Chandra White-Cummings speaks on how we can be better at building resilient boys by challenging our own thought patterns.
With our boys facing declining academic achievement, increased and more dangerous bullying, and assaults on masculinity and manhood, researchers, educators, and community leaders are highlighting resilience as a critical asset our sons need to survive and thrive in today’s society. The American Psychological Association (APA) defines resilience as “the process of adapting well in the face of adversity, trauma, tragedy, threats or significant sources of stress…It means ‘bouncing back’ from difficult experiences.” Further, the APA identifies these additional elements of resilience:
• The capacity to make realistic plans and take steps to carry them out
• A positive view of yourself and confidence in your strengths and abilities
• Skills in communication and problem solving
• The capacity to manage strong feelings and impulses
Mothers raising sons are often concerned that their son will not have what he needs emotionally and psychologically to develop important qualities like resilience. There’s no doubt that each parent has skills and behaviors needed by boys to succeed. As it turns out, a mom’s emotional health, and by implication, her mental health, play a significant role in modeling resilience. In their book Raising Boys By Design: What the Bible and Brain Science Reveal About What Your Son Needs to Thrive, authors Gregory Jantz, PhD, and Michael Gurian identify daily bonding as an element of maternal nurturance shown by brain science, sociology, and anthropology to most likely come from a mom and which is absolutely vital to a son’s healthy emotional and psychological development because it can help develop resilience. The bonding to which Jantz and Gurian refer happens during everyday life and typically occurs over longer periods of time during a day than the type of bonding between sons and dads. They describe the benefits of this critical dynamic as follows:
“For a boy, the daily acts of learning at his mother’s feet are crucial to his development. He watches and observes how his mother copes with life. He sees how she reacts when she is excited, tired, anxious, or satisfied. By observing her reactions he learns emotional regulation. … In most families, mom’s healthy presence is a psychological baseline for the development of a young child’s healthy psyche; boys need maternal bonding to thrive.” (p. 43, emphasis mine)
This is especially important in the context of the prevailing negative narrative attached to single motherhood. Sometimes we act as if our children are somehow oblivious to the pronouncements that are made about kids who are raised in single mother households. With all the time they spend on social media, we still believe that the rhetoric has escaped them. They know society has low expectations of them and has generally negative views of their situation. Living day to day with a mother who intentionally resists toxic thinking and emotional patterns and expectations by persevering in spite of uphill struggles, and who continues to think the best of herself and her family despite circumstances that don’t always reflect the best, a son learns how to do the same. Conversely, if he observes that we live hindered by others’ judgments, he gives himself permission to respond in ineffective and self-destructive ways.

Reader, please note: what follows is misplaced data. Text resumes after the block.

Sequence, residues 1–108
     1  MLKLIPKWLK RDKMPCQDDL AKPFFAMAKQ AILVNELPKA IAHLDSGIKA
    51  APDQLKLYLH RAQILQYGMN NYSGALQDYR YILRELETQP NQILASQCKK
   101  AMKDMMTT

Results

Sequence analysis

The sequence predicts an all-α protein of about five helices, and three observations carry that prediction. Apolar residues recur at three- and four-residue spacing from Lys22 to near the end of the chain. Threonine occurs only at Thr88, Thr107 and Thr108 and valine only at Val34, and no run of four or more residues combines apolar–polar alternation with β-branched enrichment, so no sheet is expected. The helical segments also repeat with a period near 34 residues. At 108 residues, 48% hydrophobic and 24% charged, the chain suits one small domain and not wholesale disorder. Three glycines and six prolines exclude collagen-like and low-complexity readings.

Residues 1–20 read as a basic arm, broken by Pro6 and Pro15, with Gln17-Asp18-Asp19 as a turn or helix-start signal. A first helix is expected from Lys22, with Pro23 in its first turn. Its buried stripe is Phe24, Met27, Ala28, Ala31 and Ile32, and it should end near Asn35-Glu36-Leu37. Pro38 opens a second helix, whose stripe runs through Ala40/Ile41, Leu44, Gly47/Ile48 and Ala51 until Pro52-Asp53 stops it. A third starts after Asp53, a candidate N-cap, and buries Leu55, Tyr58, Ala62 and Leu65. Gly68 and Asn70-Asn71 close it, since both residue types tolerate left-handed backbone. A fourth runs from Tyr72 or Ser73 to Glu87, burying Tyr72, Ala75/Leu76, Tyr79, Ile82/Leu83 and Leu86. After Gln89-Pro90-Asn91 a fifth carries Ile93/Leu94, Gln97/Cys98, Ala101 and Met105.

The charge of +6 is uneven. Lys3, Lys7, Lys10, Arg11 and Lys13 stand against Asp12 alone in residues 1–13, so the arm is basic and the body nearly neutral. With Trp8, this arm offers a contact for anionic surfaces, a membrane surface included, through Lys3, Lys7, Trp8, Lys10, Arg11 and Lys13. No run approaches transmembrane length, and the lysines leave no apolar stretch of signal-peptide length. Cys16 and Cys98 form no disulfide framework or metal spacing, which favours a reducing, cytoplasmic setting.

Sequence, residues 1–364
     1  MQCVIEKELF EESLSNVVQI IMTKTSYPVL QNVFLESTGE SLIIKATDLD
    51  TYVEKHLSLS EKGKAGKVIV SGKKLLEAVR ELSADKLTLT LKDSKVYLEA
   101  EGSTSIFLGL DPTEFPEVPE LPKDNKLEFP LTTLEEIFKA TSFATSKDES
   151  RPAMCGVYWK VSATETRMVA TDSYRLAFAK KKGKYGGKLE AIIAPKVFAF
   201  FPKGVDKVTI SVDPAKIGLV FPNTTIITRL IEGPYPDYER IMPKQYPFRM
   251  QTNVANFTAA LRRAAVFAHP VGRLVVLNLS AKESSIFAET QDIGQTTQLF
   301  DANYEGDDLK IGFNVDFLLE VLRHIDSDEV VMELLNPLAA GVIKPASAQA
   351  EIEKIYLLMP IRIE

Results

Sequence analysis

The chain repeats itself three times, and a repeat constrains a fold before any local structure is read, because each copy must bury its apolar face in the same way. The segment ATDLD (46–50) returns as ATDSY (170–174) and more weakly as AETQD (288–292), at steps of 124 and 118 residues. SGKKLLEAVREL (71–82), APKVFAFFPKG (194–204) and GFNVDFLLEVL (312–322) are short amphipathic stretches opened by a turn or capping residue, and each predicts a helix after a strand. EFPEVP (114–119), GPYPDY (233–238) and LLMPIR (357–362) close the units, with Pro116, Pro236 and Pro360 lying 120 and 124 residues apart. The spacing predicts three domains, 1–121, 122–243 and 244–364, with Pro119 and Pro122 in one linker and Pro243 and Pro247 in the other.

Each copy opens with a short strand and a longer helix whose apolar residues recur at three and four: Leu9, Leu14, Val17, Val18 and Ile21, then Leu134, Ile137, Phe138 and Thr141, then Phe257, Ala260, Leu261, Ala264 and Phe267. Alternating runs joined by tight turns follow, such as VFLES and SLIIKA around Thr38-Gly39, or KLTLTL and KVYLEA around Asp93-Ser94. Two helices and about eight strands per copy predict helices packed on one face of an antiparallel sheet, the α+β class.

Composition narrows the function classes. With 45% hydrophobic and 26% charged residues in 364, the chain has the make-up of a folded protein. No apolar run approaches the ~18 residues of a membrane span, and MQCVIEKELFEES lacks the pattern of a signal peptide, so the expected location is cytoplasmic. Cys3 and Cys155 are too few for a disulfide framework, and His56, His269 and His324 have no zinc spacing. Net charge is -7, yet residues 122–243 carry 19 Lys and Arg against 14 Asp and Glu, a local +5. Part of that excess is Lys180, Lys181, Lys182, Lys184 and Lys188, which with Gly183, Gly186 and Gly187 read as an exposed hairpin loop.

The urgent need to rid ourselves of negative, toxic thinking is obvious. But how is it done? Just like people recommend fasts and other diet modifications to purify and detox our bodies, there is a similar process for detoxifying our minds. Dr. Caroline Leaf, who has researched the science of thought for over 20 years, has developed a 21-day Brain Detox Plan that has proven effective in rewiring the brain with positive, life-changing thoughts and emotions. The science underlying why it works is complex, but here are the five steps in the process:
- Gather – think about what you’re thinking about. Deliberately slow the mind down to specifically focus attention on the kind of thoughts and the source of those thoughts. Is the thought anxious or angry? Is the source of the thought internal (a memory from the subconscious) or external (perceived by our senses in the current environment)?
- Focused reflection – isolate your thinking onto one thought, set of thoughts, or attitude and determine how it’s affecting you.
- Write – write out your thoughts to a.) consolidate them into a memory b.) add clarity to what you’re thinking about and c.)give a visual path to see the direction, tone and pattern of your thoughts for continued reflection.
- Revisit – evaluate the thought(s) and decide whether you want to improve it but hold onto it or discard it altogether. This step is key because if you do nothing, the thought will remain and be reinforced by having been brought to the conscious level. The thought(s) can be replaced with a healthy, non-toxic thought.
- Active reach – this is the cementing step of the process. In this step, you actually put into action behaviors that match, reinforce and reflect the new thought(s) /attitude. This takes you from making a decision about a thought to actively living out the new thought. For example; if you want to decide to stop thinking of your child as a burden and obstacle, you would stop speaking in ways that reflect that thought and speak in ways that reflect new thoughts of your son being a gift or asset.
Going through steps 1-5 for 7-10 minutes a day for 21 days comprises one cycle of the detoxification process. It takes commitment and dedication, but improved mental and emotional health that translates into healthier parenting and resilience for our sons is worth it!
Photo: S. Yodo/Flickr